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“What if it’s the little things that make a big difference?” That’s the tag line for Melanie Shankle’s latest book Church of the Small Things. With her Dave Barry-esque humor, the author challenges us to embrace the mundane. To stop living for the grand gesture, mountain top type moments and realize the importance of our daily, faithful routines.
Toward the end of the book, Shankle (affectionately known to her fans as Big Mama), shared a quote from her daughter’s 7th grade English final: “some people stand out more than others, like neon posters on a beige wall.” She went on to explain that we don’t always take notice of the beige wall, but it is the thing that holds up the neon poster. The beige wall allows the neon poster to shine bright.
I have the privilege of being married to a beige wall. My husband is introverted and even-tempered. He will never be called the life of the party. He is a meat and potatoes, non-creative who prefers TV to books. He doesn’t have money or power or a postgraduate degree. What he does have is the respect of everyone who knows him.
Two different times this past year, Chuck found himself out of a job. Both times he secured employment in relatively short order because someone he knew pursued him. Not the other way around. That’s what happens when you quietly live a life of integrity. When you are genuine and warm and love others the way Jesus does, people want to be in community with you. When you are hard-working, honest and loyal, people want to work with you.
In contrast, Chuck has two neon poster kind of kids. His son is a med school student who has never met a stranger. He’ll soon be a doctor with bedside manner to spare. Our daughter Allie is an outgoing 7th grader with personality for days. She is loud, fun-loving and infuriating. She sings, acts, makes straight A’s, plays ukulele and volleyball. And although I’m not as bright and shiny as the kids, I might categorize myself as a pale pink poster – somewhere between neon and beige. I am social, like to crack a joke, and am creative – if only in my writing.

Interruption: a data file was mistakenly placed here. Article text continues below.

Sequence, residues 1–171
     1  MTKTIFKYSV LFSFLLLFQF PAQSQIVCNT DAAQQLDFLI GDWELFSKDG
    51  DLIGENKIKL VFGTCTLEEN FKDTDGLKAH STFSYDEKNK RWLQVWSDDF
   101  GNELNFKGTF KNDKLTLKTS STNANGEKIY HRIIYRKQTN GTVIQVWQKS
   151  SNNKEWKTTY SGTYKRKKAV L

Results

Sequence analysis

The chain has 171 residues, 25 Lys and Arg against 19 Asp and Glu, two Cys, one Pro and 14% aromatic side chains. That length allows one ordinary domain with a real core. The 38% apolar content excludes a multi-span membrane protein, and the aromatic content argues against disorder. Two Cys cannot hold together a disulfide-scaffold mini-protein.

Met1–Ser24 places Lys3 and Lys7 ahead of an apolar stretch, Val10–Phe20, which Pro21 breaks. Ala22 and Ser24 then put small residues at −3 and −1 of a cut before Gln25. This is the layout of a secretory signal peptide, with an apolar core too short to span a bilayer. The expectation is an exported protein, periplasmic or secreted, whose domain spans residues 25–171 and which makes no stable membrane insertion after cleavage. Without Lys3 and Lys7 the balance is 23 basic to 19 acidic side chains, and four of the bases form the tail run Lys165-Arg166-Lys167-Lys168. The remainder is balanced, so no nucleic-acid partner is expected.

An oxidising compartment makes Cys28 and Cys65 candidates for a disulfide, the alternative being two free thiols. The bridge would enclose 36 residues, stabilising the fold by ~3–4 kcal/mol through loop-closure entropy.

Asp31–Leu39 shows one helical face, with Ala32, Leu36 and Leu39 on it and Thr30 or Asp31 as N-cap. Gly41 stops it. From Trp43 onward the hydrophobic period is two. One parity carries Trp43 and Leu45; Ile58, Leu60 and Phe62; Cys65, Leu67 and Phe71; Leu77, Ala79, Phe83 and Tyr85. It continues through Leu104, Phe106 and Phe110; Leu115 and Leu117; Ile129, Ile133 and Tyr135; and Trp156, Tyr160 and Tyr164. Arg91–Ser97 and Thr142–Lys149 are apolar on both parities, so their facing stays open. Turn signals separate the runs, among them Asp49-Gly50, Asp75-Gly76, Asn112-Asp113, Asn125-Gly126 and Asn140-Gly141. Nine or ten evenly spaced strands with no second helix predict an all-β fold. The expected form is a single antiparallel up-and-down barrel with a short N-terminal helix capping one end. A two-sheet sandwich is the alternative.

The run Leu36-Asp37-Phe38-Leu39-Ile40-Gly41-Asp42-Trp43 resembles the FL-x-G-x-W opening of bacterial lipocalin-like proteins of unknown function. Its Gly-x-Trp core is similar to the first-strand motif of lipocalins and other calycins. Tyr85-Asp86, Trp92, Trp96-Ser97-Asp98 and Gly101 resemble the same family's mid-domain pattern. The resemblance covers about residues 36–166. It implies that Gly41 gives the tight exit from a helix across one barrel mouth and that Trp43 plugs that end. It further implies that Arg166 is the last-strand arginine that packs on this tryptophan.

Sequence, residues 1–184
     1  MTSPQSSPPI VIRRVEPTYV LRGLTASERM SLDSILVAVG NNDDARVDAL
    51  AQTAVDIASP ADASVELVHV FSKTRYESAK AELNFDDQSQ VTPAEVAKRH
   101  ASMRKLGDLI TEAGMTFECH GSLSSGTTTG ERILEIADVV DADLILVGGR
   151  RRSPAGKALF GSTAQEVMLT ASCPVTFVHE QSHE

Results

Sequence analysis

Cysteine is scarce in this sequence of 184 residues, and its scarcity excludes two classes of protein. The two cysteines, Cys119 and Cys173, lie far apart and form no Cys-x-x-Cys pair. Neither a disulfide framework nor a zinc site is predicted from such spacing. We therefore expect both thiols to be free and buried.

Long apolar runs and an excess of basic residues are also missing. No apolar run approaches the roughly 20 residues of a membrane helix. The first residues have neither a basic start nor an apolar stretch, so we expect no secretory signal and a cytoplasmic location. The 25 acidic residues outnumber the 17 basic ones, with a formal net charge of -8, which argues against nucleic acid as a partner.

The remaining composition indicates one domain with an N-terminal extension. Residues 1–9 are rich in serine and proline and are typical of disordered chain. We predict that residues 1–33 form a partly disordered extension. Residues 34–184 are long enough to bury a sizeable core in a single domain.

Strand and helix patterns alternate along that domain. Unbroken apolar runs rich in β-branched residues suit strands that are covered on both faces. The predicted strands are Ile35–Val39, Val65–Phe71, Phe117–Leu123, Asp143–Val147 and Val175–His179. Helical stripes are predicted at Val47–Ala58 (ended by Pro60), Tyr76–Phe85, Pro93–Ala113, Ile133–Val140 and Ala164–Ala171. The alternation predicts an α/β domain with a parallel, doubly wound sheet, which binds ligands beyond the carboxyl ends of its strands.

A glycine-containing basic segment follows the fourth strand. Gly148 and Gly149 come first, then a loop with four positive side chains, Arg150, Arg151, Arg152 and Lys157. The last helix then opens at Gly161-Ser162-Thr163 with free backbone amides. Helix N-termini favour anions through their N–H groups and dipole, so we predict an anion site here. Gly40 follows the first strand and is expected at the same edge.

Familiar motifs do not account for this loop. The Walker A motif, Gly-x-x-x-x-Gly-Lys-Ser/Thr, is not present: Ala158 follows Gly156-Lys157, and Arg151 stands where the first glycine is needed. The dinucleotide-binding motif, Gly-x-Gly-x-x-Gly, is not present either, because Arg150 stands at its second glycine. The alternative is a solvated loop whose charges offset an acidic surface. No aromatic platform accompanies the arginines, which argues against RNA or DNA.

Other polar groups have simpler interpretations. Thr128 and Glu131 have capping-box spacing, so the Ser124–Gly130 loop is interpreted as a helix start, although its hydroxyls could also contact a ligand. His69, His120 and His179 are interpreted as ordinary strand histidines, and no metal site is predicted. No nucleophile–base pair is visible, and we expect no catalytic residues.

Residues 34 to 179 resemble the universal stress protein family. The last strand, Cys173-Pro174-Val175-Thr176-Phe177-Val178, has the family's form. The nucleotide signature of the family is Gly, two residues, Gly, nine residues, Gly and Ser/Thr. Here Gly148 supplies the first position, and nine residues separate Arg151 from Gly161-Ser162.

My husband hold us all up. He is our physical, financial and emotional support. He keeps us on a more even keel than we would keep ourselves and brings us down to earth when we get too big for our britches. And he is our biggest cheerleader – shouting louder than anyone for the accolades, accomplishments, milestones and volleyball games.
A couple of weeks ago, I wrote of feeling like nothing was truly safe anymore. You can find that post here. Although I am already rebounding about life in general, even then, my husband was a safe place. When everything else seemed to be crumbling around me, WE felt stronger than ever. For this, and for so many other things, it is my privilege to be the one cheering HIM on.
I am so grateful for my strong, supportive, beige wall.